In her twenties, Zora Neale Hurston found a group of patrons who would support her for the rest of her life. Among this group, which Hurston called the “Negrotarians”, was Barnard college founder Annie Nathan Meyer. Meyer met Hurston at an awards dinner, and by the night’s end she had offered the young writer a place at Barnard. Hurston dedicated her book, Mules and Men, to Meyer, “who hauled the mud to make me but loves me just the same.” In this letter, written in the first year of their friendship, Hurston updates Meyer on her work, mentioning some “ultra-free verse” poems that she never published.
May 12, 1925
My Dear Mrs. Meyer,
I have been waiting to hear from my request for a transcript of my record. It must be attended to by now.
I am tremendously encouraged now. My typewriter is clicking away till all hours of the night. I am striving desperately for a toe-hold on the world. You see, your interest keys me up wonderfully—I must not let you be disappointed in me.
No, no the little praise I have received does not affect me unless it be to make me work furiously. Instead of a pillow to rest upon, it is a goad to prod me. I know that I can only get into the sunlight by work and only remain there by more work. But you do help me immensely. It is pleasant to have someone for whom one thinks. It is mighty cold comfort to do things if nobody cares whether you succeed or not. It is terribly delightful to me to have someone fearing with me and hoping for me, let alone working to make some of my dreams come true.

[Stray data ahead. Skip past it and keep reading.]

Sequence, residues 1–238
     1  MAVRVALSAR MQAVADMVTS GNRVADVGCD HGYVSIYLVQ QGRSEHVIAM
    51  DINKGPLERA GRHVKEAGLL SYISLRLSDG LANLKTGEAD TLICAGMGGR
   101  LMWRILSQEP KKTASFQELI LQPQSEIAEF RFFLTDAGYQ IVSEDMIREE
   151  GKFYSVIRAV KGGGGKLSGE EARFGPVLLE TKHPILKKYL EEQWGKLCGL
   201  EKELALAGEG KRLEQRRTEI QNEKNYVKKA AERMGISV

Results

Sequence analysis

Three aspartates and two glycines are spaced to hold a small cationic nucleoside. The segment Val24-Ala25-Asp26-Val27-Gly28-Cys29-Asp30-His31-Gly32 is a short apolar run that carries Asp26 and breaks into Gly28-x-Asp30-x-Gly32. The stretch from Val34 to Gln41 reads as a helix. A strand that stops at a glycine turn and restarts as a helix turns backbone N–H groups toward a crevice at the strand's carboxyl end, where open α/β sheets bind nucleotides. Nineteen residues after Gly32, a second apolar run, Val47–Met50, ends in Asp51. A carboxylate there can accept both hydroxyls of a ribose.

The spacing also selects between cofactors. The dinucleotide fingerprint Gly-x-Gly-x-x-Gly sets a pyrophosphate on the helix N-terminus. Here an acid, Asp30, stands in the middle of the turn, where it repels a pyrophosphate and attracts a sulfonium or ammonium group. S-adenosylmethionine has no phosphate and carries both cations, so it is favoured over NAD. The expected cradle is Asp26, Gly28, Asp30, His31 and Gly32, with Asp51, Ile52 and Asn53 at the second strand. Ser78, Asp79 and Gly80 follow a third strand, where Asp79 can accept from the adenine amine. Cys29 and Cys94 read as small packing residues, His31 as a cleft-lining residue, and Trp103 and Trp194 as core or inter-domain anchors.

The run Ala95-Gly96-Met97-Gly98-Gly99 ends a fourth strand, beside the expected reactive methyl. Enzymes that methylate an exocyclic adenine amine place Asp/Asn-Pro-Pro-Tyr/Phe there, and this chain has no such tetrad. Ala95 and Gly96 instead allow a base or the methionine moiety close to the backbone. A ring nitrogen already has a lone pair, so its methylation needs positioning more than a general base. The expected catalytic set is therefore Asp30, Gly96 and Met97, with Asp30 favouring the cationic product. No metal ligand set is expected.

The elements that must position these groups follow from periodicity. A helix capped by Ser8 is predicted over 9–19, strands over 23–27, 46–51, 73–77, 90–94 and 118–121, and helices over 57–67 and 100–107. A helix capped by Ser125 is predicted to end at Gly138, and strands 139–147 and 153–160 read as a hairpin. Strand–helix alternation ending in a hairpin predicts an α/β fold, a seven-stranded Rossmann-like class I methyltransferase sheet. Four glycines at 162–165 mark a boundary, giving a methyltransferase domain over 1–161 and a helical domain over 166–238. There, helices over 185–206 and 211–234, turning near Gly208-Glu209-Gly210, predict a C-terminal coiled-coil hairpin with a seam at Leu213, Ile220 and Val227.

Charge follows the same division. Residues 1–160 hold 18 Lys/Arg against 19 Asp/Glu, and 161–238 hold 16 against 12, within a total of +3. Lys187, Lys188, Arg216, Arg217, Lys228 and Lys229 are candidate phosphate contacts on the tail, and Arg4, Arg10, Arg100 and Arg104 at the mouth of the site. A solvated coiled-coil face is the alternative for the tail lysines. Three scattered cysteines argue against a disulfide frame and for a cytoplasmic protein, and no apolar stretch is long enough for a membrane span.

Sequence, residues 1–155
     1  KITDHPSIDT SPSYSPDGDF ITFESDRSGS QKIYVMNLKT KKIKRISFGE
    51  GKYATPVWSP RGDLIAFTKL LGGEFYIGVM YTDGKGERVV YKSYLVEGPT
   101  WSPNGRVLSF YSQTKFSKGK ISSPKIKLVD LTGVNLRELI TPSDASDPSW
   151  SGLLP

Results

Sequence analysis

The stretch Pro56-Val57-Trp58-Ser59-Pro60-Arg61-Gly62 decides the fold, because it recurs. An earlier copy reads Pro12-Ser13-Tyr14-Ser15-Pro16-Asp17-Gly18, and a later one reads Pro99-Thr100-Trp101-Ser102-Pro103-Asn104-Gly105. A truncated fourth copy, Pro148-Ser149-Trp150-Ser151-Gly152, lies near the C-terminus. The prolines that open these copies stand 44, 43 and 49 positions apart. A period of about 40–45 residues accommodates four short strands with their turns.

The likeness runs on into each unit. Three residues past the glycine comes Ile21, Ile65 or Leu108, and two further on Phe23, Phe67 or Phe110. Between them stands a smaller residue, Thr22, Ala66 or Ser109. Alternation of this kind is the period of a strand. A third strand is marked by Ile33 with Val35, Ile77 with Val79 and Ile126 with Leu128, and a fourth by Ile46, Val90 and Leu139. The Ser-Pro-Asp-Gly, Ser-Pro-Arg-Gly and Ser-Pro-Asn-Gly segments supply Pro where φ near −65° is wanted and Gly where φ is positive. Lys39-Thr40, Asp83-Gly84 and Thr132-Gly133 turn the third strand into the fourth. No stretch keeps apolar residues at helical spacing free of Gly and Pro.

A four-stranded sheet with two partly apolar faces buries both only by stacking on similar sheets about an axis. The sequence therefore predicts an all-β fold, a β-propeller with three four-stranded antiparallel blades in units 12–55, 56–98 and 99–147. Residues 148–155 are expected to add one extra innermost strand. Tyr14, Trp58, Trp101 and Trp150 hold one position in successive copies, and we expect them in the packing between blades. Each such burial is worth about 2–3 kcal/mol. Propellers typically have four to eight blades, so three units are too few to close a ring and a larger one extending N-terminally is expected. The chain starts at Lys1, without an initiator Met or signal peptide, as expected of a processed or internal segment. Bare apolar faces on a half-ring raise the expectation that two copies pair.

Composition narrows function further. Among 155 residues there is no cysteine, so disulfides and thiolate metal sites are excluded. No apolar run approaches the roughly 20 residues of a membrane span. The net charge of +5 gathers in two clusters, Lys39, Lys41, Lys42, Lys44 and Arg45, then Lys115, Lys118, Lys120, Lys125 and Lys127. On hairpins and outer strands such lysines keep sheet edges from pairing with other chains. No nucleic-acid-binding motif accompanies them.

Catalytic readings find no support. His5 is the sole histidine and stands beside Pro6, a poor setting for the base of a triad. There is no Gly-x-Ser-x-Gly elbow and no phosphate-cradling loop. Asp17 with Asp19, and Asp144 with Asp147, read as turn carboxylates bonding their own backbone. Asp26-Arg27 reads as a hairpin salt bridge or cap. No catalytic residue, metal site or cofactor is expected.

ls Mr. Meyer improving? I hope so, truly. I am sending a bit of ultra-free verse for him to take his medicine by (weak ending). All of the Editors of Verse Magazine are panting to know who the author of this masterpiece is—but you are my friend and must not expose me. Editors are violent men.
Yes, I look forward eagerly to that brief chat with you before you go away. I say brief because you have so little time and I do not wish to tax your kindness too much. Hoping to have another letter from you, I am, Mrs. Meyer
Your grateful and obedient servant,
Zora Neale Hurston
From Zora Neale Hurston: A Life in Letters. Edited by Carla Kaplan. New York: Random House, 2007.
Scholars discuss omissions in Hurston’s biography as well as three recently discovered short stories.
The Capital Gazette wrote a survey of the “Negrotarians” and their responsibility in championing African American literature for the first time in America.
Read an excerpt from Robert Greene’s Mastery in which he describes how Zora Neale Hurston went from housemaid to literary legend.